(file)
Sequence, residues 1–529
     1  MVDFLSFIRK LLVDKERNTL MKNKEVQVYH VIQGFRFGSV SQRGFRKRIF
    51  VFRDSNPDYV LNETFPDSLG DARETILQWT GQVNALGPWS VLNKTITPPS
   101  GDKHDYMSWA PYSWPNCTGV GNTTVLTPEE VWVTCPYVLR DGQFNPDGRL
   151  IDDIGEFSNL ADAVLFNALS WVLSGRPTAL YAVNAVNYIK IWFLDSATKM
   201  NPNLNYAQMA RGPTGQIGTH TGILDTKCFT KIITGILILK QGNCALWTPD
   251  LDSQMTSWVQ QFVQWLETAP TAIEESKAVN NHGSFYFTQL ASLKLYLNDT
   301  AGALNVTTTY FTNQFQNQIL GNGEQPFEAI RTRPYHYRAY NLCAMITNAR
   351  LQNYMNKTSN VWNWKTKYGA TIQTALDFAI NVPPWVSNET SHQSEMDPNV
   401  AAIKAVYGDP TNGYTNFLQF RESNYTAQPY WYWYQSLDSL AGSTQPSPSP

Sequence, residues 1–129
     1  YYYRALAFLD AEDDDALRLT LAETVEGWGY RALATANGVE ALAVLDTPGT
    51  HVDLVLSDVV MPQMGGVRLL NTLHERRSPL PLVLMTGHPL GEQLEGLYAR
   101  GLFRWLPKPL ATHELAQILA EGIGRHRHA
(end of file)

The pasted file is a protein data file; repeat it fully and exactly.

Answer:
Sequence, residues 1–529
     1  MVDFLSFIRK LLVDKERNTL MKNKEVQVYH VIQGFRFGSV SQRGFRKRIF
    51  VFRDSNPDYV LNETFPDSLG DARETILQWT GQVNALGPWS VLNKTITPPS
   101  GDKHDYMSWA PYSWPNCTGV GNTTVLTPEE VWVTCPYVLR DGQFNPDGRL
   151  IDDIGEFSNL ADAVLFNALS WVLSGRPTAL YAVNAVNYIK IWFLDSATKM
   201  NPNLNYAQMA RGPTGQIGTH TGILDTKCFT KIITGILILK QGNCALWTPD
   251  LDSQMTSWVQ QFVQWLETAP TAIEESKAVN NHGSFYFTQL ASLKLYLNDT
   301  AGALNVTTTY FTNQFQNQIL GNGEQPFEAI RTRPYHYRAY NLCAMITNAR
   351  LQNYMNKTSN VWNWKTKYGA TIQTALDFAI NVPPWVSNET SHQSEMDPNV
   401  AAIKAVYGDP TNGYTNFLQF RESNYTAQPY WYWYQSLDSL AGSTQPSPSP

Sequence, residues 1–129
     1  YYYRALAFLD AEDDDALRLT LAETVEGWGY RALATANGVE ALAVLDTPGT
    51  HVDLVLSDVV MPQMGGVRLL NTLHERRSPL PLVLMTGHPL GEQLEGLYAR
   101  GLFRWLPKPL ATHELAQILA EGIGRHRHA